Valentine’s Day: survival and sensitivity tips

Like most holidays, Valentine’s Day can be fun for some people and painful for others.   If you’re in the midst of a budding romance or deeply in love with your soulmate of 30 years, it can be a sweet time of celebration.  But if your Valentine has never shown up, your marriage is strained, or you have lost your spouse to divorce or death, the day is a vivid reminder of what you’re missing.

If you’re in the latter category, here are a few pointers for surviving Valentine’s Day.  (You folks who are love-struck, don’t tune out, because some “sensitivity” tips for you will follow.)

Continue reading “Valentine’s Day: survival and sensitivity tips”

Is singleness a tragedy?

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I finally got the courage to approve the comment.  It was written in response to a post I published some time ago about feeling left behind in the marriage department. The reader incorrectly interpreted that I was making light of my struggle, and wrote, “Please don’t refer to heartfelt sadness as a ‘pity party.’ To leave this earth without marriage and family is a tragedy for too many people.”

While she missed the overall intention of the post, which was to celebrate how God helped me focus on the blessings in my life, what continued to gnaw at me was her statement that being single is a tragedy.

If what she wrote is true, then nearly half of the adult population in the United States [1] are living  tragic lives.

To put it more bluntly, it means my life is a tragedy! Continue reading “Is singleness a tragedy?”

Happily Ever Single

th2VVPPJUT“Maybe you’re the girl thinking you’ll end up alone.”  These lyrics from “Someone Worth Dying For” by Mikeschair still make me cringe when I hear the song come on the radio.   While the overall message of the tune ultimately has good intentions, it sadly puts singleness on a short list of worst-case scenarios.

I’ve seen an unhealthy fear of singleness drive many women (and some men) to a desperate pursuit of marriage.   This was especially true when my peers were in their 20’s and 30’s.   When I parted ways with a guy I was dating in college, I remember him gasping, ‘Will I EVER get married?” He was 21, and the next gal he dated said, “I do.”   When I was 39, I received a note from a friend in her early thirties. In it she described her plan to lasso a man. Clearly forgetting my age, she stated emphatically: “I will NOT be 40 and single.” She was not.

I, on the other hand, breezed into my fourth decade decidedly unmarried. Surprisingly, I did not turn into a pumpkin, a reclusive cat-lady, or whatever other fate-worse-than death scenario people believe will happen if you don’t marry by a certain age. Now in my mid-fifties, I can testify that remaining single is nothing to be feared or avoided at all costs. That’s why it concerns me that there is still a subtle, yet prevailing attitude that singleness is an inferior destiny – or worse, abnormal. Continue reading “Happily Ever Single”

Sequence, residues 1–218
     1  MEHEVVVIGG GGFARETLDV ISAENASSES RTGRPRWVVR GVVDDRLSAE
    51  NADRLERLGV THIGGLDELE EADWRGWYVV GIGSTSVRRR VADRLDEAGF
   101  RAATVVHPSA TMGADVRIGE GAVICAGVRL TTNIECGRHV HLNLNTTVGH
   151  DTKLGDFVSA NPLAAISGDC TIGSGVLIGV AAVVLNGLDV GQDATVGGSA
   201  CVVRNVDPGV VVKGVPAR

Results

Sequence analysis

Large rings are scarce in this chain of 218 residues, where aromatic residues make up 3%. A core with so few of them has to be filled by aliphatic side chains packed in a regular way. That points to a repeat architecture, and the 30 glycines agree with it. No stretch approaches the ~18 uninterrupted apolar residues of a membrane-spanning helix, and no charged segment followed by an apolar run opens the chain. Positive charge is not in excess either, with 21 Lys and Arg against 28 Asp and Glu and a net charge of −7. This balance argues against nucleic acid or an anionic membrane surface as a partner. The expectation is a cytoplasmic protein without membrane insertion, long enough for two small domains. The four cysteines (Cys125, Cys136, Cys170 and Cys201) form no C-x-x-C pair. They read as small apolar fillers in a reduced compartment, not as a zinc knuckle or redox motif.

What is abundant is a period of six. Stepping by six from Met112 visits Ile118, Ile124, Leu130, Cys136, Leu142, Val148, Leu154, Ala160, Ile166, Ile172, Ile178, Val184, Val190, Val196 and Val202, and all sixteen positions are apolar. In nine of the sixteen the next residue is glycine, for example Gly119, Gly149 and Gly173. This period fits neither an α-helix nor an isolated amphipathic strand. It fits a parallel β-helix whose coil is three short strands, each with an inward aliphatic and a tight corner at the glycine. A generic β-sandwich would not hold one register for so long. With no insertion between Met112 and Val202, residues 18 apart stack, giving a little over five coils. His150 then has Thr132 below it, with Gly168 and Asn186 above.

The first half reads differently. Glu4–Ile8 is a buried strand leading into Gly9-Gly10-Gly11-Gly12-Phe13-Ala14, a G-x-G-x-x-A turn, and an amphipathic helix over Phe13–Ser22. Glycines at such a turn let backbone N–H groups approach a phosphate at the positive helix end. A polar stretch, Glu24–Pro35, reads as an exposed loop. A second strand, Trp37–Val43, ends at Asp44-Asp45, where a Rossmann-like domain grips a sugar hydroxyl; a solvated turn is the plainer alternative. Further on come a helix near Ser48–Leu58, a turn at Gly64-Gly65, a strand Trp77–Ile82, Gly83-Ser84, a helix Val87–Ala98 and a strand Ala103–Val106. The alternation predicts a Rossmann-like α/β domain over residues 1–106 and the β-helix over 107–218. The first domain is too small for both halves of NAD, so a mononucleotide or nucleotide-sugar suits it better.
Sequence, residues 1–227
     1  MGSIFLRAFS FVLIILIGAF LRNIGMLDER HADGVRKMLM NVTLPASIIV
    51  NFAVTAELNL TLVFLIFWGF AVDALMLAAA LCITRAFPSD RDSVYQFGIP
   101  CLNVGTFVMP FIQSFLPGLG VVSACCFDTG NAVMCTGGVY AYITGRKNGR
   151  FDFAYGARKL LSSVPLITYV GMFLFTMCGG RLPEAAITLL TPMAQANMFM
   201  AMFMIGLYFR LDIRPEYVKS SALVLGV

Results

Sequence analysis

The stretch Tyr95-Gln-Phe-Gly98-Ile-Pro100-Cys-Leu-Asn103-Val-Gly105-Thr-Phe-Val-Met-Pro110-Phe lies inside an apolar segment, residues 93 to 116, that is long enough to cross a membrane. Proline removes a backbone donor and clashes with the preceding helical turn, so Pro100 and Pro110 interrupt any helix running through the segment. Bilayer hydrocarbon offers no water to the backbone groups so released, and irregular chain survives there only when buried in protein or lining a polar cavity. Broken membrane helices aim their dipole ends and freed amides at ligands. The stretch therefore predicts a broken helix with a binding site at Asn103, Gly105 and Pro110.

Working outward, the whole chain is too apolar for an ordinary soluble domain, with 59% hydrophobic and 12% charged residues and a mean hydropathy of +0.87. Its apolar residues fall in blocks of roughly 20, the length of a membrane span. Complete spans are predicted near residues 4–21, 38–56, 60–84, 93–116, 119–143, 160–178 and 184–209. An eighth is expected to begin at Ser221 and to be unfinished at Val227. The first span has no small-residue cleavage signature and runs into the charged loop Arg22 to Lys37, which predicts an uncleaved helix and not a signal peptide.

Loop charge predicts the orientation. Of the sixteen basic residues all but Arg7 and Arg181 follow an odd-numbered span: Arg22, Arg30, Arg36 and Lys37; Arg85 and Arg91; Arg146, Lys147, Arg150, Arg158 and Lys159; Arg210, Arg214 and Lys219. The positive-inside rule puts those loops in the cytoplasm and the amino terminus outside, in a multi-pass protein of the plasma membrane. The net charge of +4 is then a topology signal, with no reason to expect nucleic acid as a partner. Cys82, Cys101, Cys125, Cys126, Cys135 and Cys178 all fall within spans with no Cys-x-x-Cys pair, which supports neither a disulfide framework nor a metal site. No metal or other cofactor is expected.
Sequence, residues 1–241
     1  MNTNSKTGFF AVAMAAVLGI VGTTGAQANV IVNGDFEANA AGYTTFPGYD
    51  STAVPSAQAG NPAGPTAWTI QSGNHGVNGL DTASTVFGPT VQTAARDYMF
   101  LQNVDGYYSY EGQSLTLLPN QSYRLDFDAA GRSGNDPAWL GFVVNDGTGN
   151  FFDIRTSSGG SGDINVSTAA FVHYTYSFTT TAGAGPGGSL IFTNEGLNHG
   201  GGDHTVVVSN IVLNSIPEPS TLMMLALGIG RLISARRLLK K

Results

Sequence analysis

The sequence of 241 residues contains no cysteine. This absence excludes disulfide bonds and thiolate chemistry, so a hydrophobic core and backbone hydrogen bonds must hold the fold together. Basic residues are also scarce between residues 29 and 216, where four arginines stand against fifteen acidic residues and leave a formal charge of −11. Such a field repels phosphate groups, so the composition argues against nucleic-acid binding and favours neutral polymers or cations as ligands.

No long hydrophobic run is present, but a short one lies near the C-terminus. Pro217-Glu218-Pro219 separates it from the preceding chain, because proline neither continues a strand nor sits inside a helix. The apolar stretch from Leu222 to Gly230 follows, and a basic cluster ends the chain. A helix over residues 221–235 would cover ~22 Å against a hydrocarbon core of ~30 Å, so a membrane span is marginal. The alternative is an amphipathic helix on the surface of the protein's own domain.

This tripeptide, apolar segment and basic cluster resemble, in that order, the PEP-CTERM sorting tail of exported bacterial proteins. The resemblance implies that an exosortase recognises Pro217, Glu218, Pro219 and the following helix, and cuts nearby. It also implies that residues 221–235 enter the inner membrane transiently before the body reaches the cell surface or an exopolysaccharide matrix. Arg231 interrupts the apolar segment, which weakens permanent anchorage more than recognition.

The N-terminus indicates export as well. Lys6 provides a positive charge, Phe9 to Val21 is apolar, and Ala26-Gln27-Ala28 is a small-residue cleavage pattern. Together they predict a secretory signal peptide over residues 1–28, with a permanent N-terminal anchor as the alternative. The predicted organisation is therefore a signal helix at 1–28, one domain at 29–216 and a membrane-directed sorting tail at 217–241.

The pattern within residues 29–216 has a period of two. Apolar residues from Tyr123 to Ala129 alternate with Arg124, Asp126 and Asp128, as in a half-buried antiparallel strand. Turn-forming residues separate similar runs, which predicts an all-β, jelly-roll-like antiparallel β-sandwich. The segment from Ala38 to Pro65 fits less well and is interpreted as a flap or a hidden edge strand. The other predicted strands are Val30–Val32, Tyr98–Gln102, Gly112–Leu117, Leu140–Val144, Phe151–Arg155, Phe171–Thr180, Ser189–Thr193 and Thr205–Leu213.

When Will It Be My Turn?

The first one came from JC Penney on January 22. “True Love?” the email ad probed, followed by pictures of gleaming heart-shaped jewelry on sale (with an “extra” 20% off).

While I had seen Valentine’s Day cards at Walmart for a while, I knew this ad signified the beginning of an all-out marketing assault by retailers trying to sell their romantic wares by February 14.  Valentine’s Day is a wonderful holiday—if you are an elementary school kid exchanging cutsie cards and candy — or, if you are an adult with a special someone in your life.

But for unattached singles, the flurry of ads, displays, and flower deliveries to co-workers can be a difficult time. That’s why I’m dedicating this blog post to singles — especially those who have never married. I want you to know that you’re not alone in struggling through this holiday, nor are you the only one who has asked, “When will it be my turn?” Continue reading “When Will It Be My Turn?”

In Everything Give Thanks

thSUZ2OHATMany families maintain a Thanksgiving tradition of going around the table laden with turkey and fixin’s and having everyone share what they are thankful for. The responses are usually predictable: “I am thankful for my family, my home, my friends, my job, my good health . . . and of course the food!”

Indeed, we should be thankful for all those things. But this year, I’m challenging myself to go a bit deeper in my gratitude. Continue reading “In Everything Give Thanks”